ISSUE 4 (OCTOBER - DECEMBER) 2016
PDF|Print Shopping cart for future issues to go here
Free to read online.
HUMANITIES SCIENCE POLITICS
Science, People & Politics ISSN 1751-598x, 25th November, 2016. 18.00 GMT
FROM BRITISH COURTS | 27
Dual Shock hand held game controllers. The prosecution said the items
were marked in a way which could make them seem to be carrying
In total Mr Zaman is found guilty of eight charges. Two as the sole
defendant accused of being in possession of criminal property; one with
Mr Ali of conspiracy to receive stolen goods over a three and a half year
period, and five charges as the co-accused with each of Mr Farooq, Mr
Turner, Mr Ahmed (acquitted) and Mr Wali Khan (acquitted), and with
Mr Amin and Mr Ali.
Mr Zaman chose not to give evidence in his own defence. His honour
checked that Mr Zaman's counsel had fully covered this issue with
his client. Prior to police interviews Mr Zaman had made a short statement,
and then responded no comment.
Throughout the trial Mr Ali denied all knowledge of conspiracy, and of
any crime. He denied any interaction with Mr Zaman in any way after
October 2012, though they have known one another, says Mr Ali, since
became argumentative, prompting the judge to urge him to listen to
the questions, and not to argue. Mr Ali had given the name Mr Imran
rather than his own during dealings with one Queensbury-based busi-
ness (Queensbury is a town midway between Halifax and Bradford), but
there was no suggestion by the prosecution that Mr Ali had used the
name Mr Imran (a nickname, said Mr Ali) with intent to defraud that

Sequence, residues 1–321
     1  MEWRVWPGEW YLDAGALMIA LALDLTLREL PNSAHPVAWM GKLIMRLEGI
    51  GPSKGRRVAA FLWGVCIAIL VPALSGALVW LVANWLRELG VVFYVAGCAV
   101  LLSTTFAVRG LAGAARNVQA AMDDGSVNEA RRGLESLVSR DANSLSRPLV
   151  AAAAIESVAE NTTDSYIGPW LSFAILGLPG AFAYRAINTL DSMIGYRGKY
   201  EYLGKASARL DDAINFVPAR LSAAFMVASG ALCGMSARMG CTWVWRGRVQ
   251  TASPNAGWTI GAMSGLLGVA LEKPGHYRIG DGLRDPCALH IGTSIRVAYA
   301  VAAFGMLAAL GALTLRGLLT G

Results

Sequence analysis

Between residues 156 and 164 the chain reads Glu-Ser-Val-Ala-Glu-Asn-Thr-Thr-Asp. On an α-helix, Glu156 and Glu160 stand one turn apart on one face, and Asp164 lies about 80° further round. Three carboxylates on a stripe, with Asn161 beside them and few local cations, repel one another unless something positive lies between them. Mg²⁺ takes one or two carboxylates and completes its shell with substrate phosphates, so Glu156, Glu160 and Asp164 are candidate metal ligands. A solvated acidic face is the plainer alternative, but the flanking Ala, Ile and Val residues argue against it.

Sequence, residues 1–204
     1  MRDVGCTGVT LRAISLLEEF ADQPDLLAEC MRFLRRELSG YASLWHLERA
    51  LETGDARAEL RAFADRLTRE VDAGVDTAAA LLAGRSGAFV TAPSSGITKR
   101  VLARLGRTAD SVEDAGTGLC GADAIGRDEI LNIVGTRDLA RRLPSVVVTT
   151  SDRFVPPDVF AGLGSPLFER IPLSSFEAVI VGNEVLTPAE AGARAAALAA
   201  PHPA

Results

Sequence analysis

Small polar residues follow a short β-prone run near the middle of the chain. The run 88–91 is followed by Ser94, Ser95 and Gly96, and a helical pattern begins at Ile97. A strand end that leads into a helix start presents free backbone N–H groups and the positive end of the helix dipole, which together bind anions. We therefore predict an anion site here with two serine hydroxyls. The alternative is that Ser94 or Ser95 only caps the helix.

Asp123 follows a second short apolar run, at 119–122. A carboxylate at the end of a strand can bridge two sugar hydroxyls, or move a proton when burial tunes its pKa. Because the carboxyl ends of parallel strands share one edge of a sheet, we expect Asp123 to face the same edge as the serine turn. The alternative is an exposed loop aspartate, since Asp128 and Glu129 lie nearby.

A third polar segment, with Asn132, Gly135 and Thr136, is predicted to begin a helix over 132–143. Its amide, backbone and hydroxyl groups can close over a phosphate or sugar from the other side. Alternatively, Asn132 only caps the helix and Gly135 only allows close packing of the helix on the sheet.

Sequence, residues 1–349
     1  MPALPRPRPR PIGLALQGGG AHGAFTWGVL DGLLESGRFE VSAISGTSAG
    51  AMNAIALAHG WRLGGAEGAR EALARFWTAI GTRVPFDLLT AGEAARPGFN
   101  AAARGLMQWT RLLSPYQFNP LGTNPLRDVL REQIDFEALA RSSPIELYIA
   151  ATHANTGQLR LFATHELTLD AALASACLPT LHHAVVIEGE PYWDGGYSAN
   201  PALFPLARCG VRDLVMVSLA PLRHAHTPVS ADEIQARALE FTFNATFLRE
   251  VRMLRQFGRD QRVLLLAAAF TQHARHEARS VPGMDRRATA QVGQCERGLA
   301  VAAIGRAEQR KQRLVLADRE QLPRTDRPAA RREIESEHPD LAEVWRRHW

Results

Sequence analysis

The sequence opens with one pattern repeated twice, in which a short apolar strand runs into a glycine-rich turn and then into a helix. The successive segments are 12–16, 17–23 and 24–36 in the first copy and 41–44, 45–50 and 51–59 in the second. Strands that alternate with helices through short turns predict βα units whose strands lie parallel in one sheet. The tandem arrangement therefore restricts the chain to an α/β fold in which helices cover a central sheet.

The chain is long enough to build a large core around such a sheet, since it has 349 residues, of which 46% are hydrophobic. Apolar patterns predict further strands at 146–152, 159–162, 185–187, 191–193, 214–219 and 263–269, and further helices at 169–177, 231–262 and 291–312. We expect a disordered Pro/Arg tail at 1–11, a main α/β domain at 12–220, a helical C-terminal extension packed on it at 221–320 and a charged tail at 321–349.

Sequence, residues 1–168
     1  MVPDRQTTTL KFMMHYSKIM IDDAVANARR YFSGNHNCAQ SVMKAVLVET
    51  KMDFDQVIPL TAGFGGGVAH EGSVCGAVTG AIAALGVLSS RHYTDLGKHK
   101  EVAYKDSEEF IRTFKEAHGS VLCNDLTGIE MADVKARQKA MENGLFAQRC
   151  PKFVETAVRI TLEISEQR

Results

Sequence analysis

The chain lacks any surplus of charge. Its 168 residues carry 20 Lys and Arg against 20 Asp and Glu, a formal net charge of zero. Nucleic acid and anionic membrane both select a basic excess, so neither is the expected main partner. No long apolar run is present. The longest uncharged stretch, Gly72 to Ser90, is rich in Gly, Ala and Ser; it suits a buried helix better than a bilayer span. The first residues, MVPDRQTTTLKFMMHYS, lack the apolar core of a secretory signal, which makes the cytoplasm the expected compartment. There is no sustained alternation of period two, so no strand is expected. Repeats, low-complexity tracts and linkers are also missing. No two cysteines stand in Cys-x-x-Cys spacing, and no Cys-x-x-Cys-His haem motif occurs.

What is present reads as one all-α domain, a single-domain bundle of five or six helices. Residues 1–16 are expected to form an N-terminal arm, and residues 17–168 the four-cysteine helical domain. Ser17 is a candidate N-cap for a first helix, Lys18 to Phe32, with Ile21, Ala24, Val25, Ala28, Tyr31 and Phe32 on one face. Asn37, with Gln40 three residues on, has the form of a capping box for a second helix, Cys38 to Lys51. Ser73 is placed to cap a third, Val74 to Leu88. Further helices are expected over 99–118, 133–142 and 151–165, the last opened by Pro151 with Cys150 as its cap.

business, though it seems he did deceive them as to his true identity.
On the stand Mr Ali made no secret that he had previously been found
guilty of charges related to dishonesty in business, which had resulted
in a five year custodial sentence. He was released in October 2012 on
licence, half way through the sentence, and told the jury during this
trial he had learned his lesson, now has responsibilities, and could not
have done certain things because he was at the time in prison.
Mr Matthew Donkin of New Park Court Chambers, instructed by the
Crown, argued that for a conspiracy to exist it did not matter at what
time an individual entered the conspiracy, providing that the date of
joining fell within a single overall period of alleged conspiracy.
Continued on page 28...
Issue 4 (October - December), 2016. Volume VII. Science, People & Politics ISSN 1751-598x.
Published Friday 25th November, 2016
A print version would additionally have two blank pages, so this version is not routinely for sale as print, unless really wanted.
HTML/CSS by Helen Gavaghan©